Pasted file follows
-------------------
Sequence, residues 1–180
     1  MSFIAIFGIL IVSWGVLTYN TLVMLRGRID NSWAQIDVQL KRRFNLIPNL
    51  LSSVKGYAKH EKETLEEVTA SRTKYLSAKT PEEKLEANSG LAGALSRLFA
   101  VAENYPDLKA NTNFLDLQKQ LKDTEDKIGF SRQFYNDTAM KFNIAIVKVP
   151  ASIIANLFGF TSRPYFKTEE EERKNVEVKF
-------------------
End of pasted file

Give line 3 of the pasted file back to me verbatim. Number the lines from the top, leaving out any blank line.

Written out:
    51  LSSVKGYAKH EKETLEEVTA SRTKYLSAKT PEEKLEANSG LAGALSRLFA